Anglos honor their fallen in battles and terror attacks

Hundreds of English speakers attended evening memorialized Michael Levin, who was killed in the Second Lebanon War on August 1, 2006.

By MELANIE LIDMAN
May 9, 2011 01:27
2 minute read.
Dara Goldstein and Harriet Levin

Dara Goldstein and Harriet Levin 311. (photo credit: MELANIE LIDMAN)

 
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Hundreds of English speakers attended a special edition of “Tuesday Night Live” in honor of Remembrance Day. The evening memorialized Michael Levin, who was killed in the Second Lebanon War on August 1, 2006.

“I understood everything he felt,” his mother, Harriet Levin, said of his decision to move to Israel and join the army. “I’m the only one who believed that he wouldn’t grow out of it [his decision to join the army].”

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Ari Abramowitz and Jeremy Gimpel, the hosts of the popular English variety show “Tuesday Night Live,” applauded Michael’s family for providing “a home in Israel” to the thousands of lone soldiers from around the world who serve and volunteer for the IDF.

The Levins have created the Michael Levin Memorial Fund, and the Michael Levin Lone Soldier Center in Israel, which provides meals, furniture and support for thousands of soldiers.

The center is running a Independence Day BBQ for hundreds of soldiers on Tuesday.

“You can sit in wallow in things that are terrible – that’s the easy route – or you can take it and do something with it, and that gives us a lot of strength to go on every day,” Harriet Levin said during the ceremony.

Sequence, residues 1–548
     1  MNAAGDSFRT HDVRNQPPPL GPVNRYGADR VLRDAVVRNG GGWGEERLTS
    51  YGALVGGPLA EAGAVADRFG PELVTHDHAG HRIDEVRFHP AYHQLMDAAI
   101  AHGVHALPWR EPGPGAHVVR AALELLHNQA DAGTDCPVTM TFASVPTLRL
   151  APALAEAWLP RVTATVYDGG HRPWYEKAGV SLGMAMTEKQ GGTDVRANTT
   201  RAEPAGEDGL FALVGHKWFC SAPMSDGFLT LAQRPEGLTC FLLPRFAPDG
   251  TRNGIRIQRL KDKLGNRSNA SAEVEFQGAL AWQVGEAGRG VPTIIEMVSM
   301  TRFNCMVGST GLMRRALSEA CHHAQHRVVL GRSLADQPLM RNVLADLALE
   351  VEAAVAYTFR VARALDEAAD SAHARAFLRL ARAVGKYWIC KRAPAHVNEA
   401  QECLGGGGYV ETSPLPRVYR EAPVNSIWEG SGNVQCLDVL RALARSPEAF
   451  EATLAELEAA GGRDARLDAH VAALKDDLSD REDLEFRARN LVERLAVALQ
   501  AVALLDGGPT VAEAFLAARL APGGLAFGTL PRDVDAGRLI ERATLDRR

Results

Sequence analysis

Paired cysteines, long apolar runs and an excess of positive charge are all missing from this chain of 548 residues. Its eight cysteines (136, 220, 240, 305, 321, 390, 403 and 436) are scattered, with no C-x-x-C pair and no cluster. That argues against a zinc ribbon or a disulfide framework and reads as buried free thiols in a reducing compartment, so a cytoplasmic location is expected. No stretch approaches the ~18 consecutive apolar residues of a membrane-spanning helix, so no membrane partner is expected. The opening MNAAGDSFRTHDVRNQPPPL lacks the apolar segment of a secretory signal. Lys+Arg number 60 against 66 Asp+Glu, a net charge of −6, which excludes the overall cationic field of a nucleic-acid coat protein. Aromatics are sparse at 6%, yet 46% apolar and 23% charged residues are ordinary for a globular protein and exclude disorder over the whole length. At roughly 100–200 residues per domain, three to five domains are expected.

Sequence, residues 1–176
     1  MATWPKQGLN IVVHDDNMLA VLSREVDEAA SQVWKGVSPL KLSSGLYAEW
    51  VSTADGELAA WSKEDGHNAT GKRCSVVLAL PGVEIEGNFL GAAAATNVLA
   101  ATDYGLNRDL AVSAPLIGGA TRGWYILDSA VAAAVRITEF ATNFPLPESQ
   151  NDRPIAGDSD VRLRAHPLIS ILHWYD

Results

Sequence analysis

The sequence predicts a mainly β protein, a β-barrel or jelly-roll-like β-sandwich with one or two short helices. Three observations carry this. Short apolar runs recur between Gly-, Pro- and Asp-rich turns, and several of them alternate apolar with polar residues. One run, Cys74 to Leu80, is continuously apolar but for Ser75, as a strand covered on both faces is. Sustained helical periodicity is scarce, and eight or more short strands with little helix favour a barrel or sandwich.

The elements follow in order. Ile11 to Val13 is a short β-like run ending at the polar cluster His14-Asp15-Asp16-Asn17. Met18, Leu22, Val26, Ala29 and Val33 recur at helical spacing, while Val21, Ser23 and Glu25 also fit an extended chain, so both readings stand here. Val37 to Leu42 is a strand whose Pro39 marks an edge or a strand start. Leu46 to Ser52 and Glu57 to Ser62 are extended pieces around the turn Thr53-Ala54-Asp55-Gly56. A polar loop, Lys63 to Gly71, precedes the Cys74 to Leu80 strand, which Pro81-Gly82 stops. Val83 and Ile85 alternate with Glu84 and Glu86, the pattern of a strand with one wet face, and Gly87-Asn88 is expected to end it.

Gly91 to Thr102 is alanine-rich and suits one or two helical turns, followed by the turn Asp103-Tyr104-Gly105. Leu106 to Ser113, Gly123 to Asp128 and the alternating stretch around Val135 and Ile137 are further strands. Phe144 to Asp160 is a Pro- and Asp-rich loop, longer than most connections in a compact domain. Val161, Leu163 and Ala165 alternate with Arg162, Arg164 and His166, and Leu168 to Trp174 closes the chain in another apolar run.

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Dara Goldstein, Michael’s twin sister, joined Harriet on stage in a Phillies T-shirt because she knew that Michael would want her to be on stage showing off her Phillies pride.

“His message would be to the soldiers, all the soldiers, always be proud of defending Israel, be an example give it your best, never complain,” she said. “Keep going, that’s what he would tell everyone.”

Also honored in the program was Rivka Moriah, the mother of Avraham David Moses, one of the eight victims of the Mercaz Harav Yeshiva terrorist attack in March 2008.

“Remembrance Day has always been meaningful for me,” she said. “Now it’s so much deeper, and so much more personal. The challenge is not to just think of my son, but to think of the thousands that gave their lives for us to be here,” said Moriah.

She added that she thinks of those who were injured in terror attacks and in the army, who are suffering but have no official day to honor them.

While noting that everyone has “their own path in grief,” Moriah said what has most helpful for her has been staying involved with the Yeshiva high school after her son was killed.

“It was a place that Avraham David loved and they loved him there,” she said. “A strong love makes an impression, and I can still feel it and still experience it in some way.”

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